It’s mid-afternoon on a balmy spring day at the Artemisia Clinic in Taos. Dr. Clara Wetmore, Doctor of Oriental Medicine, treats Amy Dondanville, who has trouble sleeping. Soothing music and fragrant herbs in neat rows surround the well-lit clinic’s treatment table.
Wetmore consults Dondanville and then checks his pulse in various places on his body, asking questions in a calm voice: “What is your stress level? Energy level?” She asks how much caffeine Dondanville consumes.
Dondanville is experiencing a high level of stress, as she has just returned to work as a clinical social worker after a three-week absence. She reports that she doesn’t sleep well and feels more frantic, like she’s running from the adrenaline that’s causing her to crash. She cut most caffeine from her diet, drinking just one cup of black tea a day.
As Dondanville relaxes on the treatment table, Wetmore places needles in various parts of his body: his forehead, wrist, abdomen, and lower legs. “I place needles at specific points along relevant or affected meridians, depending on symptoms, presentation and pulse diagnosis. Each point has unique indications, and I choose the points that address or address symptoms and underlying health conditions,” Wetmore explained. Today, she inserts needles to help calm the mind, as well as reduce racing thoughts, anxiety, pain and insomnia. As the needles are placed, Dondanville explains that she doesn’t feel any pain, although sometimes she does experience a sensation.
Wetmore uses another tool, known as an ear or ear seed, which is a tiny stainless steel pellet with a latex-free adhesive patch. Ear seeds are a type of auriculotherapy rooted in Chinese medicine. They are intended to promote comfort and relaxation and have become very popular in the West in recent years, despite some disagreement among medical professionals about their effectiveness. Sometimes Wetmore uses gold pellets, depending on the treatment, or even small pellets with crystals on top that look like small earrings if brought by a patient.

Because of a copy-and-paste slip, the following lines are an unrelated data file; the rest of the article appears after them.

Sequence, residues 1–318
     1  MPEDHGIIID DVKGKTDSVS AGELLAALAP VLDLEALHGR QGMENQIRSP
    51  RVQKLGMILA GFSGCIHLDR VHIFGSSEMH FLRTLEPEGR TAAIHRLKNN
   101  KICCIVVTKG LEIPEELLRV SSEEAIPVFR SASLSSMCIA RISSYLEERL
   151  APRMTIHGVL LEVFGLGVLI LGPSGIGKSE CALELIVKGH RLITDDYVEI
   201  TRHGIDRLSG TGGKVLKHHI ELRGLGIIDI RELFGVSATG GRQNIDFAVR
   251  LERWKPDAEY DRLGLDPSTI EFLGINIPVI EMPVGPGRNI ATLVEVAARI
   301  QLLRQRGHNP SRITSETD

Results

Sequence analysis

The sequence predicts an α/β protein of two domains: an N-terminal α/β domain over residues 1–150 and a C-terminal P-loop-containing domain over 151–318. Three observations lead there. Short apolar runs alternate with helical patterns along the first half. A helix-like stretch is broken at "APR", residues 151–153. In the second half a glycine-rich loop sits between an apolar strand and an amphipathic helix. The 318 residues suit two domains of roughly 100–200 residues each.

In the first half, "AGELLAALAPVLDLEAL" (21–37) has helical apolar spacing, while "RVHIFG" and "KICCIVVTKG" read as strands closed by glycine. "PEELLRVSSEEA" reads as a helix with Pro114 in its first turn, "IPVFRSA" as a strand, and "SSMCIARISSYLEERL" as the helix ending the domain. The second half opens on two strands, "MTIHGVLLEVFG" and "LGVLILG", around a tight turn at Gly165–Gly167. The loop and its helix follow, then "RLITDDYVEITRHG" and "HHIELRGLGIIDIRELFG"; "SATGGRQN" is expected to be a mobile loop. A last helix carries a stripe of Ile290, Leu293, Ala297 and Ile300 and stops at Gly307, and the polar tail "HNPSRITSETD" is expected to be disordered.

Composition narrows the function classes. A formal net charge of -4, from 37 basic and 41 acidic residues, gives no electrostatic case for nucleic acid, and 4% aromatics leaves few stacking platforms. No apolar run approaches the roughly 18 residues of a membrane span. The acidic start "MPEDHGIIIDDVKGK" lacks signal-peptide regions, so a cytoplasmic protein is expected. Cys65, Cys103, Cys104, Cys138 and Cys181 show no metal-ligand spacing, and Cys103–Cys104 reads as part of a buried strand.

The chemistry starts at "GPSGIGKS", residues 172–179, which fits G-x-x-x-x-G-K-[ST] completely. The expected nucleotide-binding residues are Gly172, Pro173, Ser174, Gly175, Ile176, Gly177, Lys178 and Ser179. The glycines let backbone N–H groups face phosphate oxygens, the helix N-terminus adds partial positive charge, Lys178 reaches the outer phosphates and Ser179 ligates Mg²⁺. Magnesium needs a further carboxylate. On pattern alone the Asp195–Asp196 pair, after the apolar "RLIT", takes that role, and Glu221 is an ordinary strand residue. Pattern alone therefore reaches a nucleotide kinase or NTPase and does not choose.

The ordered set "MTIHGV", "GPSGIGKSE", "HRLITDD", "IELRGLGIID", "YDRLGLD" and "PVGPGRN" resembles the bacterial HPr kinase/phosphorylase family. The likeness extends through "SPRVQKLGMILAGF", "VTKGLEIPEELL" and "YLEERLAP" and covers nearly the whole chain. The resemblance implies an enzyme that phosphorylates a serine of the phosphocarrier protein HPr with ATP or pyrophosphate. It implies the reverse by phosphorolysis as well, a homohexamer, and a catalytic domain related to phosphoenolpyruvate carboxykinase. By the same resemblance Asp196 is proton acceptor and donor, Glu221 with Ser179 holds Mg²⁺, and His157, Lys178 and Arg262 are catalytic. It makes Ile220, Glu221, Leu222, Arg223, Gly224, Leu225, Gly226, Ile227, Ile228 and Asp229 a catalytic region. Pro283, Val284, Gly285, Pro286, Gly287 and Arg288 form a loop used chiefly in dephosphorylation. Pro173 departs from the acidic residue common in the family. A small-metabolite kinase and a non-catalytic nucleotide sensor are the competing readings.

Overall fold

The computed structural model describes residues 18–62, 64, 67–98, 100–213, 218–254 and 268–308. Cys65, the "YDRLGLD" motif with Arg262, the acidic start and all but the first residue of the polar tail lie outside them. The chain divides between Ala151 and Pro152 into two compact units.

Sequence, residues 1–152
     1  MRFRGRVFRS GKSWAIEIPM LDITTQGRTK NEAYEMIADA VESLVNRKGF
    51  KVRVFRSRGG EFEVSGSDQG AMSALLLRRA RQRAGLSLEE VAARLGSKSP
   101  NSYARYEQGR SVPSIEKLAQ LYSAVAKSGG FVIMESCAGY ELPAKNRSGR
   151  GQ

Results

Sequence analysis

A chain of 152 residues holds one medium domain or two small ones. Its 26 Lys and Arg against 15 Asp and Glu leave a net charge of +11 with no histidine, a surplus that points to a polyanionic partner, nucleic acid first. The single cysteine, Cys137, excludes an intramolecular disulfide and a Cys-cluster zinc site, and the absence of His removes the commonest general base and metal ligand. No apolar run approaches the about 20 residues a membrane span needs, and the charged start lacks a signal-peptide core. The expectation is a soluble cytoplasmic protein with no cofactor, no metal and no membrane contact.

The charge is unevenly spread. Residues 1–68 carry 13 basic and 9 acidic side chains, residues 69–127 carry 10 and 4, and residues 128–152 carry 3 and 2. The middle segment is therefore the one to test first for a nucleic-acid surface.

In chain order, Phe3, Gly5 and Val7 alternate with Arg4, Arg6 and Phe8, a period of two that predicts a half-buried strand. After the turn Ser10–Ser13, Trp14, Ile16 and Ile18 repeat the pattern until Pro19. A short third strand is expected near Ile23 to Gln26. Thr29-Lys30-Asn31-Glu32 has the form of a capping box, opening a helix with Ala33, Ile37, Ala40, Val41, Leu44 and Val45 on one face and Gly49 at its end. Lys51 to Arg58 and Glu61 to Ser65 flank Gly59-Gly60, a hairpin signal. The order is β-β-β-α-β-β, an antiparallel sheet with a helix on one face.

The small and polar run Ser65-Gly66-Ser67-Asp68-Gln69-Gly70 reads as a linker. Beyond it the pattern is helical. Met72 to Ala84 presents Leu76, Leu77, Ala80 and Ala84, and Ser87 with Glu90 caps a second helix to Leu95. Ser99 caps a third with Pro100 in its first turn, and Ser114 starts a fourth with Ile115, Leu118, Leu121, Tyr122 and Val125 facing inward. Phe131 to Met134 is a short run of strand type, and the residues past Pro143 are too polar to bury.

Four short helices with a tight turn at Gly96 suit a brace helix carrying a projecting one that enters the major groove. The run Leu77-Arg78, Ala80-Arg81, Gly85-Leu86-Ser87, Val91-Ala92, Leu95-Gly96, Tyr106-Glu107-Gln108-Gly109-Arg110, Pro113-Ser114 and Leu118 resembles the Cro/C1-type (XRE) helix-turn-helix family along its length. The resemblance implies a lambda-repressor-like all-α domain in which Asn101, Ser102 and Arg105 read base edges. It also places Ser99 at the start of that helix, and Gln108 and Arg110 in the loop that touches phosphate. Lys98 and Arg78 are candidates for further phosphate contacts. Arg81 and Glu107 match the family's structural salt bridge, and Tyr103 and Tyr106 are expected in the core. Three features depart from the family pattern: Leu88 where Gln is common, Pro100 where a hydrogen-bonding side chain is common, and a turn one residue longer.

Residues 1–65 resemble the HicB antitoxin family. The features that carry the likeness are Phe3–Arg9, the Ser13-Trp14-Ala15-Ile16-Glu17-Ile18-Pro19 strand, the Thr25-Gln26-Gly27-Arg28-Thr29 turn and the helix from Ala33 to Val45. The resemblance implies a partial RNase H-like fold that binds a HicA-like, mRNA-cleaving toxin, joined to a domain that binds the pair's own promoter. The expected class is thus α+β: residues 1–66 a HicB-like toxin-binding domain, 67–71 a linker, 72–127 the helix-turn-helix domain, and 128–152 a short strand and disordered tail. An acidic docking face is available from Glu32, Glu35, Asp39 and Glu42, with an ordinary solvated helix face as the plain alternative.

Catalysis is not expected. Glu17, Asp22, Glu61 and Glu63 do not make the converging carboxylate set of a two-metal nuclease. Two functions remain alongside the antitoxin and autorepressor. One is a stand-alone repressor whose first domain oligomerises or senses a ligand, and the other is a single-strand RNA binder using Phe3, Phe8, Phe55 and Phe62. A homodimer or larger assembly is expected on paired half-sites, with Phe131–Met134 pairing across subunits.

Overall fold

Wetmore cleans and disinfects the ear, then places the tiny pellets on specific spots in the left ear that are sensitive, indicating a problem somewhere in the body. Dondanville will wear them for a week, after which they will fall off or she will take them off. Ear seeds do their job in place, says Wetmore, and their effectiveness can be increased by periodically pressing them. “Right now, I’m placing an ear seed to regulate the nervous system and treat a point of insomnia,” she explains. “I also checked the liver spot, which is usually aggravated by stress, but that spot wasn’t sensitive, so I’m moving on to the heart spot which calms the mind.
Dondanville has difficulty switching off and falling asleep, which is her most common sleep problem, although she sometimes wakes up in the middle of the night and has trouble falling back to sleep. She usually comes every week, but since she’s out of town, it’s her first date in almost a month. She says, “I have had chronic sleep problems since I was a child; it has always been a struggle for me. The practice of coming in regularly allows me to connect with my body and talk about what is going on specifically with my digestion, sleep, mood and energy levels. The act of reflecting is itself useful. When I access treatment regularly, I find that I can fall asleep with great ease, which I was not able to achieve before.
Wetmore also gives Dondanville a Chinese herbal sleep formula. At the start of treatment, she was taking three to four doses per night and this was reduced to one or none. “That’s what I want for all of my patients: to get to the point where their body remembers how to sleep without outside help,” says Wetmore.
Dondanville has been seeing Wetmore for about two and a half years. She sought help from Wetmore for another problem, but thanks to comprehensive check-ups at each appointment, the two discovered the extent of Dondanville’s sleep disturbances. “The practice of attending appointments and engaging in reflection created a sense of mindfulness and awareness of what is happening outside of appointments and brought a deeper sense of noticing what routines and habits nourish my body and which ones harm them”, explains Dondanville.
When asked what advice she would give to people struggling with sleep issues, Dondanville recommends people become aware of content that negatively stimulates the brain, whether it’s watching TV, listening to audio recordings or scrolling through the phone.